"...synthetic which often stretchs in jumps." That doesn't ring true to me. More likely you were experiencing the release of static friction at the nut. Gut strings might glide more easily there, but I don't know why if they're wound. With gear pegs the answer (for me) is to always release the static friction first by tuning down a ways, probably you don't need to go as far as a quarter step, and then drawing up gradually.
I use regular Eudoxas on my violin and love the tone--the overtones are far superior than any other string I've tried, even Olivs or Passione (and I like both of these, but if I'm going to compromise off of Eudoxas Passiones are more practical from a stability and loudness perspective).
My humble opinions (not "scientific facts" based on personal preference that actually aren't scientific or factual); feel free to disagree without argument:
@ Adalberto I am surprised you have not tried the regular Eudoxa. I think it is noticeable the way it supports and improves the G&D. But it is true that with those 3, the Platinum E (the PI, not the EP), didn't match at all.
I love Eudoxa. Played on them all through high school after getting frustrated with Dominant, and keep coming back to them. I recently played Thomastik Rondo for a few months and they were fantastic, very clear sounding, powerful, and long lasting, but there's something special about that sound we get with gut that always pulls me back.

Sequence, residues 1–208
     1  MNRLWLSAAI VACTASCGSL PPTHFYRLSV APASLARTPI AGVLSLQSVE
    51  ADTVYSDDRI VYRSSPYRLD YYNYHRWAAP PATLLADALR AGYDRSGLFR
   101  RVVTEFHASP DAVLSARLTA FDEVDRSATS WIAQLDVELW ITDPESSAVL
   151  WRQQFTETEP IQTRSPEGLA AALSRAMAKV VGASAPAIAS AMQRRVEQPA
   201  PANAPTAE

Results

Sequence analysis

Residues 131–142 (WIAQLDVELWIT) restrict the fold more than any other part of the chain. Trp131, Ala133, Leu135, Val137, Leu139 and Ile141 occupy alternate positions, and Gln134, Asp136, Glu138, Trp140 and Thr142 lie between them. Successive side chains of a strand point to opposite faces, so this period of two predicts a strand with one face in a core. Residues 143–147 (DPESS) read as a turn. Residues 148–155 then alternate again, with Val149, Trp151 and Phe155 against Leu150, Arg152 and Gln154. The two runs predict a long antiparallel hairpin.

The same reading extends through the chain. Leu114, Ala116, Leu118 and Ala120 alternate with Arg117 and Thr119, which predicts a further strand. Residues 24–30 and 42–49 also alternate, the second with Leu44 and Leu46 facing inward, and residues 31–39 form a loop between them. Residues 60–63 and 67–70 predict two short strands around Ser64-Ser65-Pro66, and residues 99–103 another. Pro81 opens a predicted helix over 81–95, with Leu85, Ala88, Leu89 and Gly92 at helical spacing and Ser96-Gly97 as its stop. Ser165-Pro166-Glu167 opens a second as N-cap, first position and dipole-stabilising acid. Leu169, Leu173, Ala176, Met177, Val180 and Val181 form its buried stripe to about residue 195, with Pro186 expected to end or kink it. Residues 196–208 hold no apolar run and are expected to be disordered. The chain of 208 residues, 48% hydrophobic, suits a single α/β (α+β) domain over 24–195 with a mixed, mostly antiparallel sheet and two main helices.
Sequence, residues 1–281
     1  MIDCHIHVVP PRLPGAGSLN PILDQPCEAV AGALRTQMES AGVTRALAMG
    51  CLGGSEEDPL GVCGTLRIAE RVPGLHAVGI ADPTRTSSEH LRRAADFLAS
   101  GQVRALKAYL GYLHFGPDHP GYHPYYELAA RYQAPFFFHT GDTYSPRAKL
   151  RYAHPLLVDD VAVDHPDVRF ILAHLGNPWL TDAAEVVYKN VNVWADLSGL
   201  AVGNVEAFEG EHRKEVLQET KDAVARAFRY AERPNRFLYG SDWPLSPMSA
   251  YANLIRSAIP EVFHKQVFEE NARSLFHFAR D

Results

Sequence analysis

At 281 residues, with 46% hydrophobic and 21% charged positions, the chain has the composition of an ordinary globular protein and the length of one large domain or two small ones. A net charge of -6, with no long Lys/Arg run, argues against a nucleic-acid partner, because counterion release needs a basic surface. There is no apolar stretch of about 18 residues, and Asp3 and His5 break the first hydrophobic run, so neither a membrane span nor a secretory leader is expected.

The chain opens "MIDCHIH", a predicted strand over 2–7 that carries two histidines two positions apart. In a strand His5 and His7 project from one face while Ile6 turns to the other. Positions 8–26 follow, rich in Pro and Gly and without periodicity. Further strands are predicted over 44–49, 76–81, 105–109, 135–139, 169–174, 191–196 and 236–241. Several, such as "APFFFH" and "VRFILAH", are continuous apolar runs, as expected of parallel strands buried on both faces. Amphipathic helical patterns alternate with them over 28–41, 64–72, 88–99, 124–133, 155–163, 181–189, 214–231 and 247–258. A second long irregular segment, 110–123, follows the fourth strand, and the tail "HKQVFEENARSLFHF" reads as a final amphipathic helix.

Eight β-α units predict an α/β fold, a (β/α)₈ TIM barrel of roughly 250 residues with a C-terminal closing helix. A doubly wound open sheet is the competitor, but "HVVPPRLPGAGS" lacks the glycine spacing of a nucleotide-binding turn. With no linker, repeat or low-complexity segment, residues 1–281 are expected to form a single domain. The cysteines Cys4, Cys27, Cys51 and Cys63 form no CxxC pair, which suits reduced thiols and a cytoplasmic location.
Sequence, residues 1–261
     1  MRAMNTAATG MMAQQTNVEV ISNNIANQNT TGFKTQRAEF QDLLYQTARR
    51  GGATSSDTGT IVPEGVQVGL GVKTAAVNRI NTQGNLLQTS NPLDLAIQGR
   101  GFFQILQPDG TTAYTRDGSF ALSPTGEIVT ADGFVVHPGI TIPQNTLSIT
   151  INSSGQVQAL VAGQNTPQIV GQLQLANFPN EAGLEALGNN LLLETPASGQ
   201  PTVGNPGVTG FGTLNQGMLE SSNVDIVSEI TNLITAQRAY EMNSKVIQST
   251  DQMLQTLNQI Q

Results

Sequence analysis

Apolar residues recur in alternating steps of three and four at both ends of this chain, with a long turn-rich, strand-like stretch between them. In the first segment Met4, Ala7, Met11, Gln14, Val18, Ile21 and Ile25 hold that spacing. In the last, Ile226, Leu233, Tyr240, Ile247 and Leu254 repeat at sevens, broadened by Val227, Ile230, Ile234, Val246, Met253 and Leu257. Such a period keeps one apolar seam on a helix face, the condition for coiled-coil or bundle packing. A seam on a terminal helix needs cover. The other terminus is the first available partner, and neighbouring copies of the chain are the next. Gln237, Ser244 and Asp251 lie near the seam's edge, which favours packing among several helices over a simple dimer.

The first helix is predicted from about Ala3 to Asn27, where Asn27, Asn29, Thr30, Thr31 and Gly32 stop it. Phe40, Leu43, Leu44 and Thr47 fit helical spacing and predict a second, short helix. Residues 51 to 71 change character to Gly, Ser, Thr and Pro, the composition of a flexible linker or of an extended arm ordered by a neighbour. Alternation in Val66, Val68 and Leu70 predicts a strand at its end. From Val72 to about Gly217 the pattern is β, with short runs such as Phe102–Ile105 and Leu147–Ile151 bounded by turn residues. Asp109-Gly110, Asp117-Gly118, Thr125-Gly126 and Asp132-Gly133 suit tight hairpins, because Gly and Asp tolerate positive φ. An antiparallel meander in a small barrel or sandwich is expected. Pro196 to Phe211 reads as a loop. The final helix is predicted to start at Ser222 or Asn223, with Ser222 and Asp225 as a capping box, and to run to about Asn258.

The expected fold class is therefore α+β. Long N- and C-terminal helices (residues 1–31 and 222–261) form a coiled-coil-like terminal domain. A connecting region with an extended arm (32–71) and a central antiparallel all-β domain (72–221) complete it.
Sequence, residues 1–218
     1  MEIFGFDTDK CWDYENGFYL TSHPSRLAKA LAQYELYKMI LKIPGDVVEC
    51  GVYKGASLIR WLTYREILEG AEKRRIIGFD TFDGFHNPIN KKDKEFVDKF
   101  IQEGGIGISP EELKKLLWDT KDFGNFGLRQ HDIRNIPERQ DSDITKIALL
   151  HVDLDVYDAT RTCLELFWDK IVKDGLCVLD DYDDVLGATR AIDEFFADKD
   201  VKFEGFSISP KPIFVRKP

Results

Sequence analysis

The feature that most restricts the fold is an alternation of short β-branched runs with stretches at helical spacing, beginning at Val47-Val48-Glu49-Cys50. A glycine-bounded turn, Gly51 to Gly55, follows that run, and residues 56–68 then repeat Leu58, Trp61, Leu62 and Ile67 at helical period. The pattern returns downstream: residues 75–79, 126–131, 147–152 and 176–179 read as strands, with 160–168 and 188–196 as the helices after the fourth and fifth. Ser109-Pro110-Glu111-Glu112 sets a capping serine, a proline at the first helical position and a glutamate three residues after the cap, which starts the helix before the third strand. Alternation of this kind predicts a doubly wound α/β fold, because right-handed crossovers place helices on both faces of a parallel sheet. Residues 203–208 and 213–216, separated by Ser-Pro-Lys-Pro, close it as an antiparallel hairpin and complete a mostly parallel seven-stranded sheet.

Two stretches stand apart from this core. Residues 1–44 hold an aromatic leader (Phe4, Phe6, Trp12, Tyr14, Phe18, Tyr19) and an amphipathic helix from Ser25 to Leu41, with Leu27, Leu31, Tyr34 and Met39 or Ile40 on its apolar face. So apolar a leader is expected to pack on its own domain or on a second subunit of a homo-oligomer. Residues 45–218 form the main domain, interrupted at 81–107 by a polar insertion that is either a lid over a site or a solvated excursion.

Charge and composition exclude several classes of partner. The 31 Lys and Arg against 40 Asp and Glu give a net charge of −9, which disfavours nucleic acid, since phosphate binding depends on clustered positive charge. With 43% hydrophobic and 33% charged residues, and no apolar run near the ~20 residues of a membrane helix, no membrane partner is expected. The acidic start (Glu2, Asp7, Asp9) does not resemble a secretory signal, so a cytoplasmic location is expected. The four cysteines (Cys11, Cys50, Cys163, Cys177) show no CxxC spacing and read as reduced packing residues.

I'd be interested in hearing more about alternative E pairings with Eudoxa as the lower strings.
It really depends on your violin.
Why not Kaplan spiral gold?
I am not sure if the Kaplan Golden Spiral is the same. Kaplan used to be a company (they made a great silver D). I think that this new issue is produced by another company; d'Addario I think, and they changed the formula a few years back if my memory is good.
I love my Chorda strings, but eventually will have to try the other gut strings mentioned here, especially, of course, Eudoxa. My Chorda strings have been playing great for months, though lately some shredding has appeared, I suspect from being around the stupid velcro strips in my case?
I prefer a wound E, even the Dominant one, or especially the Pirastro No.1.
When I changed to gut, it was eudoxa I used, but because I thought my violin had a dark tone (It had had one when Dad changed it back from my childhood viola to the violin I still play (but it had to have wood put in a few years ago and it doesn't sound as good as it did), so I changed to Golden Spiral. I stopped using them when the A string kept breaking and am currently using synthetics - however, if I do any serious solo work again, I shall consider changing to eudoxa.
@ Christian Vachon - yes, they are d'Addario now. I neger had the chance to try the original product (late starter...), but I'm quite happy with the current issue. I used it in the medium version on my violin with vision titan solo (quite aggressive), EP, Obligato (good combo!) and lately Eudoxa (perfect, love it, will stop experimenting for a while).